The crafty Joe Mercer settled Brigadier Gerard in the middle of the pack as Selhurst and Parnell set a good lively pace in front. The Brigadier made his move around the field on the turn for home, sweeping past Parnell in the home straight. He gained a two length lead and held off Parnell to the finish post. Riverman had made a late run to finish third. Mercer and Brigadier Gerard had to sweat out an inquiry from the stewards as he had lugged in toward the rail after he passed Parnell, but the result would stand.

Brigadier Gerard had now won fifteen straight races in fifteen attempts. Surely no other horse in training could beat him now. He conquered top class horses in all kinds of conditions, at various distances. He is now THE superstar of superstars in racing.

But wait! He still had not confirmed his superiority over Mill Reef. Could the Benson and Hedges Gold Cup finally be the race in which we will see the big showdown? Alas, it was not to be. Mill Reef had suffered a near fatal leg break and was miraculously saved for stud duty, but his racing career was obviously finished.

Brigadier Gerard face a fine field in the Benson and Hedges, but no one was taking any of the challengers seriously. Big mistake. Roberto, the winner of the Epsom Derby, would rocket out of the starting gate as if he had been launched from Cape Canaveral and set a scorching pace. Jockey Braulio Baeza had been flown in by Roberto’s owner to ride the colt, using the North American tactics of setting an early fast pace, rating during the middle of the distance to conserve energy, and then let it all out for the run home. Baeza was a master at this riding technique and he magnificently guided Roberto, who was running the race of his life, to win the Benson and Hedges Gold Cup by three lengths over the second placed Brigadier Gerard. That’s right, second placed Brigadier Gerard. This was his first and subsequently only loss in his brilliant career.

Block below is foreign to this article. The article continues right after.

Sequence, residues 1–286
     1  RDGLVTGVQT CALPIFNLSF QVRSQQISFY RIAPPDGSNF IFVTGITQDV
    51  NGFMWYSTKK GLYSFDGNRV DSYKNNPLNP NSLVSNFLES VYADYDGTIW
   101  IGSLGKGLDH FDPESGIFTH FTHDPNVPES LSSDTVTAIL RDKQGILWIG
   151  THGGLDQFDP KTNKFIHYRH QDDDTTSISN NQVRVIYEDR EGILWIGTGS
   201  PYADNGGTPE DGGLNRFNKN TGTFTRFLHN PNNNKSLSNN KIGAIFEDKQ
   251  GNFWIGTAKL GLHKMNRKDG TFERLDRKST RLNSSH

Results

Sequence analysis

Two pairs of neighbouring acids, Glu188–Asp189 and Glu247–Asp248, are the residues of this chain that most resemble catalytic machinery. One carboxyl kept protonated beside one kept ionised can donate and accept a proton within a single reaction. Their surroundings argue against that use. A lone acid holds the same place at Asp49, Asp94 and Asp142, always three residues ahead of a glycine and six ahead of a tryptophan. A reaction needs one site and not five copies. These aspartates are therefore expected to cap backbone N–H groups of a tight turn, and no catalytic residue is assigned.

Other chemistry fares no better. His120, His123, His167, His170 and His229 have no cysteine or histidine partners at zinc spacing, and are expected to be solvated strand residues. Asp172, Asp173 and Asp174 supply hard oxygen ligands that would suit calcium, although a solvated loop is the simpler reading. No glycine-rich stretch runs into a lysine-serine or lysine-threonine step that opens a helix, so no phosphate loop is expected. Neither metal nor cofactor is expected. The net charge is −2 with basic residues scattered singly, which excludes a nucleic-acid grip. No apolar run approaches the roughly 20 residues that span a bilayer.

The mighty had fallen. The unthinkable had happened. The postmortems came pouring in from all corners of the racing world. Was the mighty Brigadier sick? Is he injured? Did Joe Mercer miss-judge the race? Contrary to what was the perceived reason for the defeat, both Roberto and Brigadier Gerard had run the race in course record time. There was no disgrace for the loser. Call it the law of averages or sheer racing luck. The fact is Roberto had beaten the Brigadier fairly and squarely.

Brigadier Gerard reappeared at Ascot in the Queen Elizabeth II Stakes. He turned in a breathtaking performance to reassure his fans of his phenomenal ability. He flew past Sparkler two furlongs from the finish line in the one mile race and won by six lengths. Order had been restored as he defended his win in the group one race.

The final race in the illustrious career of Brigadier Gerard came at Newmarket in the Champion Stakes. The Brigadier was there to defend his title from the previous year. Joe Mercer had his equine champion in a good position when he asked Brigadier Gerard for his run. With three furlongs to go in the ten furlong race, Brigadier Gerard simply accelerated with his customary explosiveness to take command and then used his considerable heart to withstand a furious late charge from Riverman to prevail by a length and a half.

Timeform honoured Brigadier Gerard with an outstanding rating of 144 lbs, which at the time was equal to Tudor Minstrel, only topped by Sea-Bird’s 145 lbs rating in history. The record has since been surpassed by the amazing Frankel, who was given a 147 lbs rating in 2012. The comparisons of Frankel to Brigadier Gerard are often debated within the racing world. The comparisons offer lively conversations. Since both were very similar in their racing styles, it is only natural to compare the two, even though they raced forty years apart.